Fifty-five tax breaks expired last night, including transit, tuition and business deductions. Meanwhile Obamacare taxes take effect today. The expired tax benefits are called “extenders” on Capitol Hill because they must be renewed each year or they expire, according to the Tax Foundation. Congress left Washington for the holiday break without renewing them.
One of the most talked-about extenders to expire is the tax subsidy for riding mass transit, which dropped from about $245 a month to $130 a month. (The subsidy for parking remains $250.) Sen. Charles Schumer, D-N.Y., estimates that 700,000 New Yorkers claim the transit deduction. He tried unsuccessfully to get Senate approval to renew the deductions as a stand-alone item before the break.
Measures that are renewed in January could be made retroactive to today. Schumer said the transit subsidy is more difficult than other expired extenders to make retroactive. Other tax breaks that expired won’t be claimed until individuals and businesses file their 2014 tax return.
Here’s a summary from the Tax Foundation of some of the expiring provisions for individuals and businesses:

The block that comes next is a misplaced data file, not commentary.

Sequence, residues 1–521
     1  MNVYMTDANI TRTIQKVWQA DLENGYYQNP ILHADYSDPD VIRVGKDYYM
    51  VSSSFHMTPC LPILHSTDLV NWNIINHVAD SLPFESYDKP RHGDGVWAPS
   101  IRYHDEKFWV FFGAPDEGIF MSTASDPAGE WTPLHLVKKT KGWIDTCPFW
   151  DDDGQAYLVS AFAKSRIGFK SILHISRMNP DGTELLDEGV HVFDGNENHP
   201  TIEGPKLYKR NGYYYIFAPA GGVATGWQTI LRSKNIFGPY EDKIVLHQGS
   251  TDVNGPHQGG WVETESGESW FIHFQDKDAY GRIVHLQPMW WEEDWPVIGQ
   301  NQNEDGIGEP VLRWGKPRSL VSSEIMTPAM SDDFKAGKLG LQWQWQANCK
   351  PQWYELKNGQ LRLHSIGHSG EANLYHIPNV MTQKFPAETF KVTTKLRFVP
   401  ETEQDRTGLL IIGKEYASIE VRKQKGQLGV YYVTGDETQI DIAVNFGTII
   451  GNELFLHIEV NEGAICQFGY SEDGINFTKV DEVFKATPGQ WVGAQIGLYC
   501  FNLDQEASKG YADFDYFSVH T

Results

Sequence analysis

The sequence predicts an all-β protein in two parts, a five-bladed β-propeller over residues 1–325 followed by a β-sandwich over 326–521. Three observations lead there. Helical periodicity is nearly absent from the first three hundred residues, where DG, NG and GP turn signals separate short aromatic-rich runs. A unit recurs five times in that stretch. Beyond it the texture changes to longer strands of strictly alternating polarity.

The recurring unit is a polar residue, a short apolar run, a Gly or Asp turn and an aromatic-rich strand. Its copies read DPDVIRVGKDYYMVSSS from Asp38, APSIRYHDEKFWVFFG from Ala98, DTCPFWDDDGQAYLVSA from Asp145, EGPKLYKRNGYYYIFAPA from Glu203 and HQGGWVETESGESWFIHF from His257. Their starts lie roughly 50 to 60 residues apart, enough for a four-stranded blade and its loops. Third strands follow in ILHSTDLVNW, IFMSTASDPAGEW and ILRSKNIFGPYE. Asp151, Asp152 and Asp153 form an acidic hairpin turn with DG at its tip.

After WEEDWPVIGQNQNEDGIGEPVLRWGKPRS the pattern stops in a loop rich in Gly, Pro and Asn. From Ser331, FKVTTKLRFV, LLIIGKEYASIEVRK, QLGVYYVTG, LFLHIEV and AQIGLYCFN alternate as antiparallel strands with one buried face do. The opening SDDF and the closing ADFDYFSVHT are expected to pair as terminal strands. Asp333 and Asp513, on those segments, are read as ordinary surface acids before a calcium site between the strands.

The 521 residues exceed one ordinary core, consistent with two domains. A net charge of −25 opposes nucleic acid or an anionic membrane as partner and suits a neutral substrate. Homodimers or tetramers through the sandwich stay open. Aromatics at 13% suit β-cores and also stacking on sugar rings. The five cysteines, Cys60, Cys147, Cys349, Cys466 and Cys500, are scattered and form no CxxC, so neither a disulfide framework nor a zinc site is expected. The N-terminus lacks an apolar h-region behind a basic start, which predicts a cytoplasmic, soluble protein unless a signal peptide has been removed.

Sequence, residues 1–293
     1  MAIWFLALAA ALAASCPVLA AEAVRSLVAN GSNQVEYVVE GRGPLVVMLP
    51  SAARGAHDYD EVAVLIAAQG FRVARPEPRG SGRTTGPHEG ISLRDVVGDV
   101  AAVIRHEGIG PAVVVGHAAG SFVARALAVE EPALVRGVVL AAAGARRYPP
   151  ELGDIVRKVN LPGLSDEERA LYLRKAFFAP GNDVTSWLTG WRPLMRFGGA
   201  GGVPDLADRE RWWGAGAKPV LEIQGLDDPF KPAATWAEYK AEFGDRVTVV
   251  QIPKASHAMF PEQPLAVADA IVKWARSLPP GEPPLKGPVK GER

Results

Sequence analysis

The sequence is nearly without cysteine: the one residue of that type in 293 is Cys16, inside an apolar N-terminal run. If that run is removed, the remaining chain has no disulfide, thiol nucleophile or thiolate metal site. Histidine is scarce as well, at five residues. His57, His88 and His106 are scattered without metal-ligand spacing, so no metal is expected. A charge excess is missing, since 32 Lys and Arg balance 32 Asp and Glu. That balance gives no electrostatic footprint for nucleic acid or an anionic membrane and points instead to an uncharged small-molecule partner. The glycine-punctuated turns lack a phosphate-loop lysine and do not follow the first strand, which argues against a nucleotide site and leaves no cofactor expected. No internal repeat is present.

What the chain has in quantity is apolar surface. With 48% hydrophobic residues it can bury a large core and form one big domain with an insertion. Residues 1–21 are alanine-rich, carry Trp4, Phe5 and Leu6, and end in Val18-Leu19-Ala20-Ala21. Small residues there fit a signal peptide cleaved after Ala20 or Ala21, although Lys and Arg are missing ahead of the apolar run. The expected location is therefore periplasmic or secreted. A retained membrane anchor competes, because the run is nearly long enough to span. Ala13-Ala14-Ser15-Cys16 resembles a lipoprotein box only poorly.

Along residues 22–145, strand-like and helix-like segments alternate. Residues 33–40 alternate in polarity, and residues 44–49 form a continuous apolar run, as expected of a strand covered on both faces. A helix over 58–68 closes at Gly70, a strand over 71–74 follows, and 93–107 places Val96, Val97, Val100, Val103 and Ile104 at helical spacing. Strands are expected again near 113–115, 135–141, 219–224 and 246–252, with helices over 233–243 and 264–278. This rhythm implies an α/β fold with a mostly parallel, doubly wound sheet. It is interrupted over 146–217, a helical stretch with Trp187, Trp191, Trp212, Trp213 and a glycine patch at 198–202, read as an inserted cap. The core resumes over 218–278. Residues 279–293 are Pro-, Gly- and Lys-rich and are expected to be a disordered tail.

— The deduction for qualified tuition and related expenses.
— The ability to donate money from your IRA tax-free.
— The amount banks write off in mortgage loan forgiveness for people whose houses are under water no longer will be tax exempt.
— The tax credit for research and development.
— The amount of equipment small businesses can expense will be reduced (so-called 179 expensing).
— Big businesses will lose the 50 percent bonus expensing for capital investments.
The Tax Foundation said some of the expiring tax breaks most people won’t miss include special expensing for film and television production; multiple tax subsidies for renewable energy programs such as biodiesel, electric motorcycles and energy-efficient appliances; and a three-year write off for races horses younger than 2 years.
Meanwhile, several new taxes for the Affordable Care Act kick in, including:
— The charge for failing to sign up for Obamacare. In 2014, the tax is $95 or 2.5 percent of your income over a certain threshold. The tax goes up after 2014. The tax businesses was waived for one year.
— A new tax or “fee” for health insurance companies that will total $8 billion in 2014. This will be directly passed on to consumers.
— New tax credits, or subsidies, for people who are eligible for assistance with their insurance premiums.